MBAs Think They Can Change Biz For Better


MBAs Think They Can Change Business For the Better


It has been five years since Bear Stearns imploded, the opening salvo of a near death spiral in the global financial system. Since then, banks have cleaned up their balance sheets; companies have hoarded cash; and government has added new mandates and regulations. Of course, MBAs have emerged as the public’s favorite whipping boys.

The economic meltdown – and the lost wealth, flat growth, and uncertainty it left behind – has also left its mark on the next generation of MBAs, who entered the job market as it caved in. This week, Access MBA, a global resource that assists students and business schools, published a survey on the role of MBA programs in the wake of the crisis. Surveying over 2000 prospective, current, and former students in 57 countries, Access MBA compiled some intriguing observations:

  • 62% of respondents believe business schools have “significant responsibility” to address the economic crisis.
  • 64% agree that schools should actively encourage involving students in hands-on projects in the field to provide real world experience.
  • 53% agree that programs should research and develop sustainable business practices.
  • 35% answered that schools should concentrate on business ethics.
  • 80% of graduates and current students found that their business school adequately addressed the roots and consequences of the recession.

This lack of enthusiasm for ethics certainly stood out. However, it likely stems from a perception that ethics don’t translate to the bottom line. However, Jessica Smith, IESE’s Associate Director for MBA Admissions, notes that ethics still have a place in an MBA program: “Business ethics do not need to be a separate course, but should be incorporated into the curriculum.”

Finally, the study ends on an upbeat note. According to alumni surveyed, 95% believed their MBA education prepared them to respond to future recessions and improve their companies’ practices. Who knows, maybe that education will help businesses bounce back faster from the next economic freefall.

Source: Business Because


Why Women Should Skip Business School


This week, Laura Hemphill, a Lehman Brothers alum-turned-novelist, lobbed a grenade into the gender- and-education fault line. In her essay entitled “Why Women Should Skip Business School,” which was published by The New Yorker, Hemphill argues that it is financially wiser for women to forego business school in favor of building their careers and learning scarce skills. And she backs up her premise with some cogent arguments. Here are some highlights from her piece:

  • You Can Succeed Without An MBA: “Unlike medical school or law school, business school isn’t a requirement for a business career. Many successful C.E.O.s don’t hold M.B.A.s: Marissa Mayer, of Yahoo; Jeff Bezos, of; Ginni Rometty, of I.B.M. On Wall Street and in Silicon Valley, business school is often stigmatized as a booze-addled vacation; Marc Andreessen, a venture capitalist, famously observed that business-school graduates’ interest in a sector is a leading indicator of a bubble.”
  • Elite Students Don’t Need The Degree: “…the average incoming Harvard Business School student needs the degree the least, given the qualifications required to be accepted in the first place. Arguably, it’s the qualities that get a candidate admitted to Harvard in the first place that insure her success after graduation, rather than the degree itself. Meanwhile, an M.B.A. isn’t always worth its steep financial cost. Including tuition, room, and board, a Harvard M.B.A. today costs more than a hundred and eighty thousand dollars—and that’s before lost wages.”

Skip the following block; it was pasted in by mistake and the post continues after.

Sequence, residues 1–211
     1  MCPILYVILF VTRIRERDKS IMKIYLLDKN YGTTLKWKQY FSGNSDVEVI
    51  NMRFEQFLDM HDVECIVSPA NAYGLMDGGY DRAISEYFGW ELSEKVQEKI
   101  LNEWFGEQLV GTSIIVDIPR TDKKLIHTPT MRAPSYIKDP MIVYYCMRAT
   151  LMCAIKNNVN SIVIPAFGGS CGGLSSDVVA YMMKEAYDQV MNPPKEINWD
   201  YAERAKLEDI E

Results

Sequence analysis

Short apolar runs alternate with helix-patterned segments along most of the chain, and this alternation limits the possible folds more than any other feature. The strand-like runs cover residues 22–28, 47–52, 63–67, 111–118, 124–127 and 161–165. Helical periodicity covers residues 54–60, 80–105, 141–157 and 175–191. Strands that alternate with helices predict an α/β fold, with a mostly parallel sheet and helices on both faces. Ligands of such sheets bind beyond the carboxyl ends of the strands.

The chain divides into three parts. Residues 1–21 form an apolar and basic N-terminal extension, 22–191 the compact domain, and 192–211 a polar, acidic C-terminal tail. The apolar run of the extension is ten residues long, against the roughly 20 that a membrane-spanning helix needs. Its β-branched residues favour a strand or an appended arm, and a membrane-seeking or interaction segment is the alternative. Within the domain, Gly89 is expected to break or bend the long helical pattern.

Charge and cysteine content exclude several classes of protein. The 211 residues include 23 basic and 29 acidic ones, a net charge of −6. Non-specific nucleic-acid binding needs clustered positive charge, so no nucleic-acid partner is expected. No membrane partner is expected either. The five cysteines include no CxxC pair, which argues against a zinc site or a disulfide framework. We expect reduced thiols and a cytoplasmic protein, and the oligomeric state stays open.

• An MBA Only Delivers A Temporary Advantage To Women: “The uncomfortable truth is that women in business are more likely than men to drop out of the workforce or have their careers interrupted a decade after earning their M.B.A.s, because of family considerations. According to a Harvard study of graduates of the University of Chicago Booth School of Business, a decade after earning their M.B.A.s, women were twenty-two per cent more likely than men to have experienced at least one career interruption. Thirteen per cent of women weren’t working, compared to one per cent of men. And even if women’s careers weren’t interrupted when they had children, they were certainly affected: the study also found that “M.B.A. mothers seem to actively choose jobs that are family friendly and avoid jobs with long hours and greater career advancement possibilities.”
  • It Takes Away Two Precious Years: “…isn’t the most important thing for a woman to work as hard as she can and advance as far as possible while she’s still in her twenties and her life is as uncomplicated as it’s going to get? That way, by the time she’s a decade or so along, she’ll have more savings, more job experience, and more bargaining power—all of which translate into more options.”
  • There Are Alternatives To The MBA: “Consider other uses of those two years. Instead of relying on an M.B.A. to boost her skill set, a woman could teach herself a hard skill like programming or Chinese, or she could start her own business. If she’s working in Silicon Valley, on Wall Street, or another industry where many are promoted without M.B.A.s, she could stay put and continue to rise. And if she doesn’t have a better use for those two years now but thinks she might later on, why not preserve that option?”

Her essay certainly taps into the culture and gender wars. What are your thoughts? Are women better off bypassing an MBA as Hemphill suggests? Feel free to share your thoughts in Comments below.

Source: The New Yorker

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